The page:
I have a question for Mindy, how does your male friend treat you socially away from work prior to his coming on board with the company? How does he treat his wife for that matter? is he dismissive with her as well? I wonder if he worked alongside your husband instead of you, if he would try these antics? If he did, I guarantee your husband would put him in his place ASAP. BTW, have you told your husband about this, as it effects him as well. Most couples nowadays have careers, they are satisfying at times, but mostly it is because it requires two incomes for a household to make it. Your male friend is causing you daily stress and thereby jeopardizing your ability to provide for your family. The fact is he is Pirating your ideas when the two of you brainstorm. A good co-worker would say, WE discussed this matter & give examples of your ideas and his (I highly expect he has none). For that matter, why is he the one taking the lead at sit-down meetings with the boss? YOU have to speak up, Mindy. When having a meeting with the boss, and you see the direction its taking again (ie, he is about to Pirate one of your ideas) you say in a demonstrative tone, say his name, “Fred, I got this,” and present YOUR ideas and proposals. YOU CAN NOT LET HIS BEHAVIOR CONTINUE IN REGARDS TO THIS MATTER!

    You should have a sit-down with this man at lunch or during work hours. Better yet, the next time you & this man socialize, talk to him about all these things in depth. Have your husband present as well. I say this because in business when there is a problem with an employee, Management has two people present during the meeting. One is the “Interrogator” and the other is the “Witness.” Your husband is your Witness to see what this man actually will say when confronted with these issues. If this doesn’t resolve the problem, then as a last resort, talk to the boss and let him know what has been going on. Worse comes to worse, if you are fired, in a short time frame, Management will see how this man fails without you. Sadly, in many companies, there is always employees that are Slackers. Your misfortune is double fold,you work with one who claims to be your friend. He is a User and has abused your friendship connection, and to survive professionally and for your emotionally health, you may have to sever this friendship. I assure you, your husband will understand when it comes down to your ability to earn and your Financial Lifestyle as a couple. What have we learned Mindy? Never mix Business with Friendship from outside of your work. Sort of like Separation of Church and State, they just don’t mix.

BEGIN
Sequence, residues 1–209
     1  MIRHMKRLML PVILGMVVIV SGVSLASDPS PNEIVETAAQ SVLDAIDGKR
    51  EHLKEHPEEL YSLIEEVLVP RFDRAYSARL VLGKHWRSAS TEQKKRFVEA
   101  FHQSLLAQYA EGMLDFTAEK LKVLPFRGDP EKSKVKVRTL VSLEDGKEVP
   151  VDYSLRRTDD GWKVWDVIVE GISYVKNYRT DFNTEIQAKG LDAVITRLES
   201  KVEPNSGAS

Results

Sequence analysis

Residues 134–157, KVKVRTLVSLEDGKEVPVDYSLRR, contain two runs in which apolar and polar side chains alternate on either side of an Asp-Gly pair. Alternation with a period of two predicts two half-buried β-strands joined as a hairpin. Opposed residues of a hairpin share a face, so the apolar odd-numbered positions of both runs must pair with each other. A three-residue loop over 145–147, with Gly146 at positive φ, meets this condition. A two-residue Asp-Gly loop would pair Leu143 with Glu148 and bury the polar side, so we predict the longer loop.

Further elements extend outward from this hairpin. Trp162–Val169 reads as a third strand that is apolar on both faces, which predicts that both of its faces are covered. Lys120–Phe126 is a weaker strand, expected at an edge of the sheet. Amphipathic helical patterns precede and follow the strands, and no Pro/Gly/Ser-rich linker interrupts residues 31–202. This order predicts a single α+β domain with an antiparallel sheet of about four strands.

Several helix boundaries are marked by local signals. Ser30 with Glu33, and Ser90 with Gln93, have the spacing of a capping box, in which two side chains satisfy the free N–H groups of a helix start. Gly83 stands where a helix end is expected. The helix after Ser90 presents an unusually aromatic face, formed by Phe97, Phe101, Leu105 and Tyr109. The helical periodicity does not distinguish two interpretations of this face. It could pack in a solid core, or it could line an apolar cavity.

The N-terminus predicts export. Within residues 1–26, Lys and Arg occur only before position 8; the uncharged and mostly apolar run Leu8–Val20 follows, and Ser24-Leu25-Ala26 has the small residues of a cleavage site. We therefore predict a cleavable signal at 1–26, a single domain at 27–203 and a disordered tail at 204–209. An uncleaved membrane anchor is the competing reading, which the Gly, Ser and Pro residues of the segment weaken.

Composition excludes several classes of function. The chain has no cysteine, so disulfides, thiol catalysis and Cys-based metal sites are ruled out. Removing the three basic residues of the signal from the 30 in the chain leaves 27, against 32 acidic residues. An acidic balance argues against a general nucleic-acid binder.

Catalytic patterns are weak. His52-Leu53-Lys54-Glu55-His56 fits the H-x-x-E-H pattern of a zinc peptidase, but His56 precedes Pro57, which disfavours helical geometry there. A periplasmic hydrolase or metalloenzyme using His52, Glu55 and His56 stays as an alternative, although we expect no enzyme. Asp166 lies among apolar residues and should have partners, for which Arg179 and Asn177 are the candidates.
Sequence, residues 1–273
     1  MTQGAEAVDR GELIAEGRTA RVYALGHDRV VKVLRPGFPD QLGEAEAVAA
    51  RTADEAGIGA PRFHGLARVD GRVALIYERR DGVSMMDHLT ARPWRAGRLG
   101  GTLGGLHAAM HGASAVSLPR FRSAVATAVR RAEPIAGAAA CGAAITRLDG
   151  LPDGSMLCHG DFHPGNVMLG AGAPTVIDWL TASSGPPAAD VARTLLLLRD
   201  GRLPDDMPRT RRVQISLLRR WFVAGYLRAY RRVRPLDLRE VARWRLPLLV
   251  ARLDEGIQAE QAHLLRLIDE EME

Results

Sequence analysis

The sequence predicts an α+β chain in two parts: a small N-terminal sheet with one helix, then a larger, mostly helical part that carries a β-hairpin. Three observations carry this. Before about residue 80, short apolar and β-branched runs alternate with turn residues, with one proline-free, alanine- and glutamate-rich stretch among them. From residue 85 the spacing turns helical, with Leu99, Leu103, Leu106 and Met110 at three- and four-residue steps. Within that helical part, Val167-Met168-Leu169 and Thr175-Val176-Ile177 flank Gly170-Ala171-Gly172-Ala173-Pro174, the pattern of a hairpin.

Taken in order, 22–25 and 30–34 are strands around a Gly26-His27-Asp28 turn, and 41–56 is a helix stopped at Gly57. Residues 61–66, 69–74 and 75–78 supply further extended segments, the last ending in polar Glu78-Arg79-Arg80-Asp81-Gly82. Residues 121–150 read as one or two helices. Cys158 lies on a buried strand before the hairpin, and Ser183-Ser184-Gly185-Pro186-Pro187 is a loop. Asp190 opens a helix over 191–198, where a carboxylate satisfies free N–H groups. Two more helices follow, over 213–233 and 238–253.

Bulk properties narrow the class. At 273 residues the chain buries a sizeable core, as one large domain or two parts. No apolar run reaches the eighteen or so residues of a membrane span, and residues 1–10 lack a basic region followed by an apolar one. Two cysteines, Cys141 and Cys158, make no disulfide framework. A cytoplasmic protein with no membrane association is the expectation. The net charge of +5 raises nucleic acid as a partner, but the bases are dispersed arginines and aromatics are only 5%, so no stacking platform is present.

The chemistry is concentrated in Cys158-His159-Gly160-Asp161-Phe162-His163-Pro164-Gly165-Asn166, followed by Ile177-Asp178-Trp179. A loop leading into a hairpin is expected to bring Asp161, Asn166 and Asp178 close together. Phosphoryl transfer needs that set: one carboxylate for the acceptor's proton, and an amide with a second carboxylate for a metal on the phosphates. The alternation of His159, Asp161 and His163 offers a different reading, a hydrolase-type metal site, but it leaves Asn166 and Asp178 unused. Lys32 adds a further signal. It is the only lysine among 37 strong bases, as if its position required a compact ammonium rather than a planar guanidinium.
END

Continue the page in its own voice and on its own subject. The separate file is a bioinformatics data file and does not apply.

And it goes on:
9. Sheryl says:

    Definitely a tough situation. It’s nice to have friends at work but this is a case where business and pleasure do NOT mix.

  10. Ben says:

    Good advice Irene. A “friend” who takes advantage of a “friend” is no friend at all.

  11. Amy F says:

    I agree with Irene. A friend should treat you better than an acquaintance whether in or out of the workplace. Consider your part in the sepcenario, your tacit agreement with the dynamics of your relationship. You’ve got to stand up for yourself in an assertive manner. Use I statements, ” when you ask me to make photocopies, I feel frustrated like you value your time more than mine.” When a problem arises, address it immediately, “I’m angry that you told Joan the idea to streamline department A and B was your idea. Please clear this up with an email and cc me.”
    When you talk to him, don’t go back too far into history because the discussion loses some credibility.
    Going forward, address issues as they arise. In the meantime, document the offenses in case you need to approach personnel or your supervisor.
    As for the friendship, you’ll see how things work out with work, but for now, your personal relationship seems at best, on hold.